'Waco' Trailer Raises Questions About Life and Death of David Koresh

The trailer for Paramount Network's Waco is taking a second look at one of the most infamous standoffs in U.S. history.

The six-episode limited series from brothers John Erick Dowdle and Drew Dowdle explores true-life events leading up to and including a 51-day siege in 1993 in Waco, Texas, between the FBI, ATF and the Branch Davidians, a religious sect led by David Koresh.

Friday Night Lights grad Taylor Kitsch plays Koresh, who faced off against FBI negotiator Gary Noesner (Michael Shannon). The standoff culminated in a deadly fire on the sect's compound that killed 76 men, women and children, including their leader.

To get into the role of Koresh, Kitsch went to extremes. He learned guitar and studied scripture. And when the brothers pitched the idea of shooting it in Austin, where the actor lives, he declined, fearing it would hurt his performance.

"He didn't want to be in his environment with his friends and family and people stopping by," Drew Dowdle tells The Hollywood Reporter. "Doing it in New Mexico, he got a house on the hills and he wasn't anti-social per se, but he really went deep on this and didn’t want to be distracted. It was a long shoot, so he really just stayed in it for so long."

The Dowdles have made a name for themselves in the world of genre films, with John Erick Dowdle directing projects such as 2008's Quarantine and the 2015 hostage drama No Escape, both of which he wrote with his brother. Though this is their first true-life story, their genre roots will be apparent in the series, making scenes simply involving their two leads on the phone seem intense and foreboding and re-creating the psychological warfare tactics the FBI employed on those in the compound.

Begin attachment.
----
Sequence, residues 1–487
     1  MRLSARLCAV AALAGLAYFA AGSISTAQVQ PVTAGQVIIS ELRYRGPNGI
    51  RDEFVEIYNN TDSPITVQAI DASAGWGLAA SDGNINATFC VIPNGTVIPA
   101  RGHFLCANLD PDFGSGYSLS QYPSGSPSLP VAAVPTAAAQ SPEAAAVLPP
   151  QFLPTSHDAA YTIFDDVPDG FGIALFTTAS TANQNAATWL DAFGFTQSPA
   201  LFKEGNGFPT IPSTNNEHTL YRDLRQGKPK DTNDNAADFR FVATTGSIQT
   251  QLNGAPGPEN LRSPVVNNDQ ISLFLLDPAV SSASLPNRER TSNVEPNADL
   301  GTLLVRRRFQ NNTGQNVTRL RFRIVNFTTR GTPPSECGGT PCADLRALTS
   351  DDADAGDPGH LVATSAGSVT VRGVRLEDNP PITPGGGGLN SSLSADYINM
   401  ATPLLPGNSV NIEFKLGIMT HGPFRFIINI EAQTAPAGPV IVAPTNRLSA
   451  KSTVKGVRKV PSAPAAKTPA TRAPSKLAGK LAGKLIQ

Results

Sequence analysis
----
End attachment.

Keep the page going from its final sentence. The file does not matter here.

The Dowdles feel the series, about mistrust and misunderstanding between two groups, is more relevant than ever in today's divided political climate.

"I think there's a very us vs. them mentality," says John Erick Dowdle, who directed four of the six episodes.


The series is executive produced by Weinstein Television.

The show's creators also say the Paramount Network series will shed new light on the story many viewers may think they know. As the established narrative from the time goes, ATF agents were ambushed while attempting to serve a search warrant to the Branch Davidians on their compound. Most members of the religious sect were killed in a fire the FBI said the group set themselves, but the Dowdles research shows there has never been a definitive answer to who started the fire. The Branch Davidian survivors maintained they did not, and the Dowdles believe it was likely set accidentally.

"That's one of those story points that is delicate, because we have our belief, but we can't really express that [on the series], because we don't know it to be 100 percent true," says Drew Dowdle.

Waco will also show a perhaps more sympathetic side of Koresh viewers may not know. For one, he won't be portrayed as a leader whose every word was taken as gospel. The series explores the complicated relationship between Koresh and his followers, some of whom questioned his judgment.

"One thing that's undeniable in all our research was just how gifted he was when it comes to scripture and his understanding of the Bible," says Drew Dowdle of the leader, who is said to have memorized the entire Bible by age 11. "It was really compelling to people who were deeply enriched in scripture, scholars and PhDs in theology and the people who really know the Bible. He knew his stuff."

In January, Waco will help launch the Paramount Network, a rebranding of Spike TV from a male-leaning network to something parent company Viacom hopes will cater to a broader audience as it invests in high-end original programming.

"It's rare you find a project that challenges you spiritually and story-wise and character-wise," says John Erik Dowdle of the experience.

Adds Drew Dowdle: "We've never done a true story before, especially one that's so misunderstood, so it's really fun in that regard. I feel like we're doing something that means something."